[bitcoin-dev] PSA: Taproot loss of quantum protections

Lloyd Fournier lloyd.fourn at gmail.com
Mon Mar 15 23:46:05 UTC 2021

On Tue, 16 Mar 2021 at 09:05, Matt Corallo via bitcoin-dev <
bitcoin-dev at lists.linuxfoundation.org> wrote:

> There have been many threads on this before, I'm not sure anything new has
> been brought up here.
> Matt
> On 3/15/21 17:48, Luke Dashjr via bitcoin-dev wrote:
> > I do not personally see this as a reason to NACK Taproot, but it has
> become
> > clear to me over the past week or so that many others are unaware of this
> > tradeoff, so I am sharing it here to ensure the wider community is aware
> of
> > it and can make their own judgements.
> Note that this is most definitely *not* news to this list, eg, Anthony
> brought it up in "Schnorr and taproot (etc)
> upgrade" and there was a whole thread on it in "Taproot: Privacy
> preserving switchable scripting". This issue has been
> beaten to death, I'm not sure why we need to keep hitting the poor horse
> corpse.
I read through this thread just now. The QC discussion starts roughly here:

My own (very possibly wrong) interpretation of the situation is:

1. Current addresses are very vulnerable to QC and would require hardfork
to fix (and not fix particularly well).
2. Once a QC resistant spending procedure has been developed it could be
added as a backup spending policy as a new tapleaf version (wallets would
have to opt into it).
3. If QC does get to the point where it can break ECC then we can disable
key-path spends via softfork
4. If everyone has moved their coins to Taproot addresses with a QC
resistant tapleaf backup then we're ok.
5. Since the above is almost certainly not going to happen we can simply
congratulate the new QC owners on the Bitcoin they take from old addresses
(specter of QC encourages moving to taproot which could be thought of as a
good thing).
6. Otherwise we have to hard fork to stop old addresses being spent without
a quantum resistant ZKP (oof!).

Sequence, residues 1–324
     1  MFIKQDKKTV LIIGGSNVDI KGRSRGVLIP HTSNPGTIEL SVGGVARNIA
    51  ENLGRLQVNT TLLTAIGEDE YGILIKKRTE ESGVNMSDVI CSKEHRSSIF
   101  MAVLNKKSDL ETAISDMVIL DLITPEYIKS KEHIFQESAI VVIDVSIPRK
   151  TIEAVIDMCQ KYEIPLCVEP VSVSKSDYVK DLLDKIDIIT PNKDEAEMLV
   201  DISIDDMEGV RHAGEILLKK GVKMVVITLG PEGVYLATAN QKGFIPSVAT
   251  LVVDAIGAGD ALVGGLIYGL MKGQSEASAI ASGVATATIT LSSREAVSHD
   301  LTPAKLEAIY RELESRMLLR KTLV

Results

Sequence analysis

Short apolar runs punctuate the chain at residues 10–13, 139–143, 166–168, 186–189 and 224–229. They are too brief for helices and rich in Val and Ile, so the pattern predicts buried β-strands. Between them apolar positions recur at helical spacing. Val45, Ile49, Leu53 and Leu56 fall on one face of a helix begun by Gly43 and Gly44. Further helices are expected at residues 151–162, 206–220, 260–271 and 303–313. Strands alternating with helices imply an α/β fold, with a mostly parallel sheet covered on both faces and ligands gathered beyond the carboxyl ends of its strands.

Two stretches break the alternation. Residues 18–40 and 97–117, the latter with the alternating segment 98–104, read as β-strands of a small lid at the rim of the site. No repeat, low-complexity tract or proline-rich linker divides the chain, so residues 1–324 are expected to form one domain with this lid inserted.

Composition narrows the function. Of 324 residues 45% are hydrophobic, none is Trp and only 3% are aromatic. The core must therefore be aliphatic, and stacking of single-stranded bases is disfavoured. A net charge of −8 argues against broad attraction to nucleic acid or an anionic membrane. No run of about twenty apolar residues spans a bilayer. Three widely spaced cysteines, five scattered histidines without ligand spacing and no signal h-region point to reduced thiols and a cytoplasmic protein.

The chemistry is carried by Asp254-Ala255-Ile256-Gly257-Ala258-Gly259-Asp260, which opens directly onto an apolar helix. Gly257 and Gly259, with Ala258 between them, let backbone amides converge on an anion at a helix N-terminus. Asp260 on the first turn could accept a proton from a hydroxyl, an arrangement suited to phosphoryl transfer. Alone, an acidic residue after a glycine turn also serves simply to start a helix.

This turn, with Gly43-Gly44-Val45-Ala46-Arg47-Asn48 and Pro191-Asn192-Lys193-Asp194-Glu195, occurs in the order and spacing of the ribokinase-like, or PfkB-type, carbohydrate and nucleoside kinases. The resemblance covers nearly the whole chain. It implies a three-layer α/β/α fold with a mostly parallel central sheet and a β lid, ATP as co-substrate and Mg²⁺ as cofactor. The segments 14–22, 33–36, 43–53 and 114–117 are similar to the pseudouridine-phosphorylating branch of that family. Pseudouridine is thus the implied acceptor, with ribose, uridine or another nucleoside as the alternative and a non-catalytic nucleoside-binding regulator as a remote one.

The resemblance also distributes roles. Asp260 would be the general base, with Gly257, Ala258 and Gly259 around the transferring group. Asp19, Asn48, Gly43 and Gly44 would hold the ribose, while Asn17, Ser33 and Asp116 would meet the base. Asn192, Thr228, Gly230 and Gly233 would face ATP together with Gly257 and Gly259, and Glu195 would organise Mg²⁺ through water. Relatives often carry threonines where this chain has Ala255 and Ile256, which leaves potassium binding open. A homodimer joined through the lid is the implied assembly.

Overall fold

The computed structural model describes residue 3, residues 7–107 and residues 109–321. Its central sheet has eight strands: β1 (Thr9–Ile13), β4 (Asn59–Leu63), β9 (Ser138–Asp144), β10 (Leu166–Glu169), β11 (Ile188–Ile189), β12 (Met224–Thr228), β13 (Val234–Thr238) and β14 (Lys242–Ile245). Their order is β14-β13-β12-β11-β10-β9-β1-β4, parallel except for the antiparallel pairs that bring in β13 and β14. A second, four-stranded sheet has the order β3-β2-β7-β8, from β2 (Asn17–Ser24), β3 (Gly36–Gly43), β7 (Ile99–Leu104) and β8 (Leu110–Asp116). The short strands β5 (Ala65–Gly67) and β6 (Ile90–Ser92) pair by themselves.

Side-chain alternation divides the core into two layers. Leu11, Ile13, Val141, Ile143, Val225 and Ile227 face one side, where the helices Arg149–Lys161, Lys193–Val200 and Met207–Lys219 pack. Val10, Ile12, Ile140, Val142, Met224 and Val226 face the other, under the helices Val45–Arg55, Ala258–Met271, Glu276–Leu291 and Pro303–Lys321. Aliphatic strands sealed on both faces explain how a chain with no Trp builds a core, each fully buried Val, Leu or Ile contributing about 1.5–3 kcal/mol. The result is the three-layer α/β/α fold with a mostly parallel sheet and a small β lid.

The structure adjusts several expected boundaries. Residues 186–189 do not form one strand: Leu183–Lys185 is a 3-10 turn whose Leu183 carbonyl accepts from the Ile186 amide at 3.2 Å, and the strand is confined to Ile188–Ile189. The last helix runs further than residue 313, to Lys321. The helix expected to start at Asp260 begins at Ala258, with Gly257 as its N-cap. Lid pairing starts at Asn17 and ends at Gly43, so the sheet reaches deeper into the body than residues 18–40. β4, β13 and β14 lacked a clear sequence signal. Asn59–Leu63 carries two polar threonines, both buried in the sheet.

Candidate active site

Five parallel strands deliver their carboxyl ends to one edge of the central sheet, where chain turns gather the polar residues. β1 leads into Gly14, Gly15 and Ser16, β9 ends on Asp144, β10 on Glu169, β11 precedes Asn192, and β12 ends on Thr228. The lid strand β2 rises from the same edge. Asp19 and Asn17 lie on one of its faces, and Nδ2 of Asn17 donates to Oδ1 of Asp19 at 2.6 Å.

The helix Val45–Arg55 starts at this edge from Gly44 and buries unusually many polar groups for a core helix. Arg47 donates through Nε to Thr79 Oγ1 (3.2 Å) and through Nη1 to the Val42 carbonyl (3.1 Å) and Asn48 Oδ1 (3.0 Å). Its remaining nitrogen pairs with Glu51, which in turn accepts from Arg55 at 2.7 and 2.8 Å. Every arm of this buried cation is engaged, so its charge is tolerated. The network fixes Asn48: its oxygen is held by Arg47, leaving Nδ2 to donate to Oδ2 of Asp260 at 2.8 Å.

7. Once we know what we're up against a new quantum resistant segwit
version can be introduced (if it hasn't already).
8. If QC develop far enough to degrade SHA256 sufficiently (ECC probably
breaks first) then that's a whole other ball game since it affects PoW and
txids and so on and will likely require a hard fork.

The ordering of the above events is not predictable. IMO Mark's post is on
the wildly optimistic side of projected rate of progress from my limited
understanding. Either way it is strictly better to enter a QC world with
Taproot enabled and most people are using it so we can introduce QC
resistant backup spend paths without hardforks before they become
practical. Depending on what happens they may not be needed but it's good
to have the option.

On Tue, 16 Mar 2021 at 10:11, Karl-Johan Alm via bitcoin-dev <
bitcoin-dev at lists.linuxfoundation.org> wrote:

> On Tue, 16 Mar 2021 at 07:48, Matt Corallo via bitcoin-dev
> <bitcoin-dev at lists.linuxfoundation.org> wrote:
> >
> > Overall, the tradeoffs here seem ludicrous, given that any QC issues in
> Bitcoin need to be solved in another way, and
> > can't practically be solved by just relying on the existing hash
> indirection.
> The important distinction here is that, with hashes, an attacker has
> to race against the spending transaction confirming, whereas with
> naked pubkeys, the attacker doesn't have to wait for a spend to occur,
> drastically increasing the available time to attack.
First note that I am enthusiastically ignorant of QC technology so please
take the following with a bowl of salt.
The premise of Mark's post is that QC progress is currently exponential
(debatable) and will continue to be (unknowable) so "months" will turn into
days and into minutes in short time period. Since QC progress is
exponential and the speedup that ECC quantum algorithms offer is
exponential you're not dealing with the typical "Moore's law" progress in
terms of time to solve a particular problem; It's like exponential
exponential (math person help me now). You could easily go from ten
thousand years to break ECC to a few seconds within a year with that rate
of progress so I don't think "slow quantum" is an adversary worth
protecting against. I would love to know if I am wrong on this point.


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